It was here that Twitter did what it does best: sink itself into a cauldron of vituperation, inept sarcasm, unreason, non sequitur, reckless allegation, and unchecked hostility. Tweets poured in. “Way to immediately disregard years of scholarly work by demonstrating the white patriarchal frame of your professional org,” wrote @gabrarian, a Ph.D. student in education. The demands kept coming. Magoun should apologize, he should be fired, he was a mansplainer, a sexist, a racist . . .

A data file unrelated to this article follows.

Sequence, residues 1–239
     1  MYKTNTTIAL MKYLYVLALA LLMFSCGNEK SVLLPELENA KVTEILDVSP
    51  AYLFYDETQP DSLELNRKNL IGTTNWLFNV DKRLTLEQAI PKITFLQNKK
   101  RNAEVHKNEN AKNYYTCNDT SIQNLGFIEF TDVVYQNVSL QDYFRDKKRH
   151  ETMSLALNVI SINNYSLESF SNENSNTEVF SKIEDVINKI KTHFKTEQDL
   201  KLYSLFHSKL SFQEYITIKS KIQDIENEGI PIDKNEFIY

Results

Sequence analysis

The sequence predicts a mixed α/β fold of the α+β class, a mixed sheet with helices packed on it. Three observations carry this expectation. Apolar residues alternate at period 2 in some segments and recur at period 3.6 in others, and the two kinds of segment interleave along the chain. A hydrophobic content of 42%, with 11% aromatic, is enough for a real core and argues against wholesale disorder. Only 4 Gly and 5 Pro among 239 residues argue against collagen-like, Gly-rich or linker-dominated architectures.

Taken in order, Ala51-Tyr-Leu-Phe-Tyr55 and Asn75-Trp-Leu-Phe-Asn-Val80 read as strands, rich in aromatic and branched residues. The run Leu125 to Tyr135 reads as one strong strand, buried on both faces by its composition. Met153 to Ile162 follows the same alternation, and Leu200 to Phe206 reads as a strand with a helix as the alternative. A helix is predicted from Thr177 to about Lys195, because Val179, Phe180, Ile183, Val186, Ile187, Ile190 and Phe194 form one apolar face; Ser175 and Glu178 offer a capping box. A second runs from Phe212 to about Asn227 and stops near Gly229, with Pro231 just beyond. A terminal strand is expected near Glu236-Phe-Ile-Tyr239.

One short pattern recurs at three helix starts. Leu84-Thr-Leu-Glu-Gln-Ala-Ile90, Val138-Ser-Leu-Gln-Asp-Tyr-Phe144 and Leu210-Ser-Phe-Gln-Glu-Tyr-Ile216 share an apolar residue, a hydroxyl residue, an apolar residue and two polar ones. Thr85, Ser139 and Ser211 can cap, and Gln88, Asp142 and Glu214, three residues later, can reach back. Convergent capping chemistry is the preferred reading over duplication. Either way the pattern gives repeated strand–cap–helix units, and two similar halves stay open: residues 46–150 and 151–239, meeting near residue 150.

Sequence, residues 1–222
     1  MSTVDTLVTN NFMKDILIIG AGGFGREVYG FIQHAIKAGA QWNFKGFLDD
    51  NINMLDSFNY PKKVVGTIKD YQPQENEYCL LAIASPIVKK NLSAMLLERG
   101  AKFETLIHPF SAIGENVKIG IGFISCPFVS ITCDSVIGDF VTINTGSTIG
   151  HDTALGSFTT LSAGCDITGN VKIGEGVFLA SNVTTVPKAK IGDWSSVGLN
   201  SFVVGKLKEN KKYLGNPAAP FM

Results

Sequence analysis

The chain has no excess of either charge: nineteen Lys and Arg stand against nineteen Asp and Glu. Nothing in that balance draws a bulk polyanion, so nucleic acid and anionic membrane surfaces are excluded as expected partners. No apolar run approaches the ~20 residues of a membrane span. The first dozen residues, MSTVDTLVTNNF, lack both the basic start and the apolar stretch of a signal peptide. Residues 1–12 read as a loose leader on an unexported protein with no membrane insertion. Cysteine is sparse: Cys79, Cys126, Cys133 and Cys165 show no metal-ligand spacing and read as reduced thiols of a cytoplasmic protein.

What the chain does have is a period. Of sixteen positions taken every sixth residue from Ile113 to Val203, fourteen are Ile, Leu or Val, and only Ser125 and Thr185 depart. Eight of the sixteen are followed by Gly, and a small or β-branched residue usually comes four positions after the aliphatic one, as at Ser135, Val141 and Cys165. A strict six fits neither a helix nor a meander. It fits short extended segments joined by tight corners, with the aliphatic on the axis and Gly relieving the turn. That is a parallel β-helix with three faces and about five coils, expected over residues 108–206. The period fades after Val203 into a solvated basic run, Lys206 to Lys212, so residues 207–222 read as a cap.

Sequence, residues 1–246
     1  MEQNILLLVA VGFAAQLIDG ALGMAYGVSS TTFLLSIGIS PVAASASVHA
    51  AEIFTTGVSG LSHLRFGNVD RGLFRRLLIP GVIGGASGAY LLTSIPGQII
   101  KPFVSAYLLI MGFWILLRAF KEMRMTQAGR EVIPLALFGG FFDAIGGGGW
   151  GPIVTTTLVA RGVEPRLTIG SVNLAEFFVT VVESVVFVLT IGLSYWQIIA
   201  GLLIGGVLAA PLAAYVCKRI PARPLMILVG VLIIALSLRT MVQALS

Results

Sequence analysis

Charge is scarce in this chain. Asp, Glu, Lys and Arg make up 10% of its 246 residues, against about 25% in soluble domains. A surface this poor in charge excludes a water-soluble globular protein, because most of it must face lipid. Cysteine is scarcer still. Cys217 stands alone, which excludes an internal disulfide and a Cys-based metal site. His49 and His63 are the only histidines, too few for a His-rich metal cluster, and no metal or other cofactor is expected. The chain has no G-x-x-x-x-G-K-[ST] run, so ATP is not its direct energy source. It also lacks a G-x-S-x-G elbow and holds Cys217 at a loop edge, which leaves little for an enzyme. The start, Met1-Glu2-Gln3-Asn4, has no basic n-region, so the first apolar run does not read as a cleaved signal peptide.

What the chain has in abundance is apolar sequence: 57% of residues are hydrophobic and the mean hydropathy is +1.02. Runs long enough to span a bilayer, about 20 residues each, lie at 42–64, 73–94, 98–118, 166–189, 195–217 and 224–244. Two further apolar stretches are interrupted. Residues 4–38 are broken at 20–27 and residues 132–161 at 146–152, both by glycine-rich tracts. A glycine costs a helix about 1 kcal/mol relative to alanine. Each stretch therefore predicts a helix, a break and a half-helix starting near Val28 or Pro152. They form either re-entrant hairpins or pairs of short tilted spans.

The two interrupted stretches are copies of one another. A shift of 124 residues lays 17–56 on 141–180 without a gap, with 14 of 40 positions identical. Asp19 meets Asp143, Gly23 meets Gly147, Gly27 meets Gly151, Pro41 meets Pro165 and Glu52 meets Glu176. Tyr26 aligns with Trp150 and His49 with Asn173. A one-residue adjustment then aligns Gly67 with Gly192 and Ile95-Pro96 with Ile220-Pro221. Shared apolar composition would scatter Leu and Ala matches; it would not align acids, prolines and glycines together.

He went to ground.
From what I can tell, no one came to his defense—by, say, pointing out that all Magoun had done was casually test a claim made by a new book. That no one did so is a sign of his instant and total radioactivity. It’s also a sign of Twitter segmentation. The corner of the twitterverse where tweeters chew the fat about “issues of race, gender, culture, and technology design” is probably not a Shangri-La of ideological diversity.